Somewhat unrelated, hovering the "pointers" tag of this thread gives some fairly entertaining suggestions.

#5170659 Very new, where should I start?

Posted by Lactose! on 31 July 2014 - 12:09 PM

You should start with the FAQ, if you haven't already.


Other than that it depends on what you want to do. Certain languages/frameworks/libraries might be better suited for certain things.

#5170200 Just Lost Intellisense in VS2012

Posted by Lactose! on 29 July 2014 - 06:44 PM

Try deleting/renaming the SOLUTIONNAME.suo file.


Other than that, http://stackoverflow.com/questions/13375961/visual-studio-2012-intellisense-sometimes-disappearing-broken seems to have a few suggestions (1 of which you mentioned, but several others you didn't).

#5168918 Need a little guidance.

Posted by Lactose! on 24 July 2014 - 11:27 AM

There is literally a poster here who has a Web site about creating games with Java.  Helpful and very much the person you need.  I'm blanking on the username and can't find the Web address.

Glass_Knife -- http://www.indiegameprogramming.com/ ?


Also, this thread: http://www.gamedev.net/topic/659060-what-now/

#5168497 projected lines

Posted by Lactose! on 22 July 2014 - 04:40 PM

Oh my god I can't believe that worked!


(EDIT: Chat room humour.)

#5167491 Functions

Posted by Lactose! on 17 July 2014 - 04:04 PM

With your current code, you can only call askYesNo1() from inside main. You can't call askYesNo2().

This is because main hasn't heard about askYesNo2() yet -- it comes after, after all!


You can keep the order you want, and still make main able to call askYesNo2() by forward declaring it higher up, like so:


char askYesNo1()
    // ...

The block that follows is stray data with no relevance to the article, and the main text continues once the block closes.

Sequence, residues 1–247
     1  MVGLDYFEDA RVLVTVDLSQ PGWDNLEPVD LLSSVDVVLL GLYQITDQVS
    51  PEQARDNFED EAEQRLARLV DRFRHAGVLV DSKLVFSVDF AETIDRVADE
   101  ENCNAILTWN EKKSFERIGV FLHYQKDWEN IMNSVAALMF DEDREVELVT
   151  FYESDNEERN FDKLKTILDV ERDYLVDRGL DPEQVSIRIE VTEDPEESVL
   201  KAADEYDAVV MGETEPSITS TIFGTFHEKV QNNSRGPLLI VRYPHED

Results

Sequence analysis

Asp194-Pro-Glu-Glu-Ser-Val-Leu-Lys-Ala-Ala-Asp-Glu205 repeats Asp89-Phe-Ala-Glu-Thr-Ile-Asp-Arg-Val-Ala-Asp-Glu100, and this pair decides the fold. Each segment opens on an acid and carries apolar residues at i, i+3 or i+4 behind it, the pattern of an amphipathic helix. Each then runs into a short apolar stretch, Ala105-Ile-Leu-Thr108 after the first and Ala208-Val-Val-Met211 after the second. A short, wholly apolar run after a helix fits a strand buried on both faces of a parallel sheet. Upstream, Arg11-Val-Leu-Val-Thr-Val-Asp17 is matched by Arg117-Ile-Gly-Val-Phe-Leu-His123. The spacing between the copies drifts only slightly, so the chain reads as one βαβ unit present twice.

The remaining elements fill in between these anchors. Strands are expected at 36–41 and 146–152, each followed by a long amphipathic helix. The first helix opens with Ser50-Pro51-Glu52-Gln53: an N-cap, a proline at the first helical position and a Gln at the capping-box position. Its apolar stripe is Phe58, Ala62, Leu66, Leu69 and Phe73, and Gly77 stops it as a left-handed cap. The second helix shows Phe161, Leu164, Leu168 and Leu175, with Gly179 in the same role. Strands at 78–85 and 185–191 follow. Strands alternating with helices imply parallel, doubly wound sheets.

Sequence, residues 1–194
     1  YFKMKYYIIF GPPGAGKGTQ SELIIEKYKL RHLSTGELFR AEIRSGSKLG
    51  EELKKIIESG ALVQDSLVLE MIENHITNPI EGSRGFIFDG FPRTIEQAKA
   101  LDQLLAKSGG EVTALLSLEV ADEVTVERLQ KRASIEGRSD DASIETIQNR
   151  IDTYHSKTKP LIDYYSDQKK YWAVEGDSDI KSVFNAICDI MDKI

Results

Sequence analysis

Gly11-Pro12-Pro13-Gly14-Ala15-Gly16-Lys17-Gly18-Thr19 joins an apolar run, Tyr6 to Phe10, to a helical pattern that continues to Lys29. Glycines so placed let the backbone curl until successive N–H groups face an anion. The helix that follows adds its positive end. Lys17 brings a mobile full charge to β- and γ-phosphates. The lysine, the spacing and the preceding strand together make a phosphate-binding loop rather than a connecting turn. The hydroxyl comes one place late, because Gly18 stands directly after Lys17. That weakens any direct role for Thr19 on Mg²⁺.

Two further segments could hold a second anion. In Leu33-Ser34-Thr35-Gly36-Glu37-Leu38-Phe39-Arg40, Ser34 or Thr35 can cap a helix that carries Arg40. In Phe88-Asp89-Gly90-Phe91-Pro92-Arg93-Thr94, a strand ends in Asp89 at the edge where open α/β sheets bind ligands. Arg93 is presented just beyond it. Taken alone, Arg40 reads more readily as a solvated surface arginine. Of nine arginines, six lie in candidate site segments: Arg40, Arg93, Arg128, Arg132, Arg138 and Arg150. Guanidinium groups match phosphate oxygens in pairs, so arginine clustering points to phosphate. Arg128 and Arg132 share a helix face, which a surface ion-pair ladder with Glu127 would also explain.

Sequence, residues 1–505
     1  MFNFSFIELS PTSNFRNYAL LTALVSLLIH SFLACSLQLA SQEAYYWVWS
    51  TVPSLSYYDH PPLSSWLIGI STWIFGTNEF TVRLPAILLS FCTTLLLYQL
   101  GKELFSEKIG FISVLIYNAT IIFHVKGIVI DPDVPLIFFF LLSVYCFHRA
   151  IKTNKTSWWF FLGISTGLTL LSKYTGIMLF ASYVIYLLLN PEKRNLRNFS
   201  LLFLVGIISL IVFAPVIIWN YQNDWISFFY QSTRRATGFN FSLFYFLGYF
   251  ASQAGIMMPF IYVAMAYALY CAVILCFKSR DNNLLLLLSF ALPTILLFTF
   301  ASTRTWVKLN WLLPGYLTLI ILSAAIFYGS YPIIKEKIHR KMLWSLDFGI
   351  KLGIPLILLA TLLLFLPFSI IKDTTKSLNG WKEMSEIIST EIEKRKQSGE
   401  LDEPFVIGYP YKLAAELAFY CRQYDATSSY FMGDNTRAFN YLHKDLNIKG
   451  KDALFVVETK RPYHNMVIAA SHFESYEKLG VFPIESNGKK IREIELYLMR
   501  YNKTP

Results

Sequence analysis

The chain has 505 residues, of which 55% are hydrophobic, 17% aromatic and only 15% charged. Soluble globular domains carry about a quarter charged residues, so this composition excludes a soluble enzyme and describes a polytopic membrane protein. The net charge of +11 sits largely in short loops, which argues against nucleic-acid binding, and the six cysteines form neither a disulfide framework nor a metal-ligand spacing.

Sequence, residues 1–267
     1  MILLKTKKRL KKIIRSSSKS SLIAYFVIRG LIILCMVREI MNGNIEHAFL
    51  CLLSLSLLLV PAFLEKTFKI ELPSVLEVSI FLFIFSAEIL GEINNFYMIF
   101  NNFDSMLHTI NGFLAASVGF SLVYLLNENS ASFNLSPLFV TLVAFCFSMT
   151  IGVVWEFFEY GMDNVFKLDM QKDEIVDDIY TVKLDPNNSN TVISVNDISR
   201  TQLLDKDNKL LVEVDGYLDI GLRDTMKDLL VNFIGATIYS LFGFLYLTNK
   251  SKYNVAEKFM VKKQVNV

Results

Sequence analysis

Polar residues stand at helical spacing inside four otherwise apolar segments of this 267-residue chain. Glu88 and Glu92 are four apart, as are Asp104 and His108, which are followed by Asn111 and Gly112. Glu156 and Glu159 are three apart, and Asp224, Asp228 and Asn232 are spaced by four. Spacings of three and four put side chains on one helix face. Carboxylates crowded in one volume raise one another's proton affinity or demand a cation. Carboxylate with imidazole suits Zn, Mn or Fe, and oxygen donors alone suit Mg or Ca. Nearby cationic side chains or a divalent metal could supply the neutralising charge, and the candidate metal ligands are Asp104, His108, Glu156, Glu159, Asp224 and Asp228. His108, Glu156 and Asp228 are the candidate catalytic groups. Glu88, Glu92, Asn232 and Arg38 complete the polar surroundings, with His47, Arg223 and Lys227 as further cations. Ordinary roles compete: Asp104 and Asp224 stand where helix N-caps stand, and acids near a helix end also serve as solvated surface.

char askYesNo2(); //Declaration, just lets rest of code know that a function with this signature exists and can be called
int main()
    return 0;
char askYesNo2() //Definition, containing the code that will actually run
    // ...


How you order functions is just for organization.

#5167457 Need advice for developing a game?

Posted by Lactose! on 17 July 2014 - 12:56 PM

You should check out the FAQ.


That should get you started, and you can ask more specific questions after :)

#5167028 Theoretical Tile-Based Question

Posted by Lactose! on 15 July 2014 - 11:44 AM

There are several ways. You can use masking within a pixel to indicate collision or interactable areas, like megadan says.


For the collision issue, you can also solve it using math, in order to figure figure out all kinds of things apart from just "is this tile full-on collision?".

You might have a tile which is flagged as "collision starting from bottom left, going upwards in a 45 degree angle to the right". The actual collision for the tile's pixels can then be determined by a simple linear formula: mx + b, with m being the slope and b being the start offset.


You might also then have collision which is only checked if the player is below (or above, or from the left/right), which would allow you to pass through the collision in some directions. Collision does not need to be "nothing can ever penetrate this square tile" -- although it can be. It depends on what you need/want.


In both cases, you need to do more checking that just on a tile level. You'll want to store and check a more finely detailed position.

#5166452 Javascript Won't Run with Tutorial GitHub Code

Posted by Lactose! on 12 July 2014 - 01:49 PM

In fact, mistaking Java for JavaScript is like mistaking 'Ham' for 'Hamster'.

#5165103 Animating With Separate Image Files

Posted by Lactose! on 06 July 2014 - 01:55 PM

If this code is executed once per render loop, the image will NOT be drawn 1 frame every 7 frames. This is what causes the flicker.

This is because if CurrentFrame is 6 upon entering this code, it will be incremented to 7. It will then bypass all the other ifs, and go to the == 7 part.

Here, it will be set to 0 (so that it runs 1 next loop), but it will not do any drawing this loop.

You can fix this by doing a separate if check right after incrementing, that sets it to 1.


However, there is a lot of (almost) identical code here. You could change all of the above (with the fix I mentioned) into the following:

gAidan.CurrentFrame %= 7;

If this looks a bit like magic, ask and I'll explain what's going on.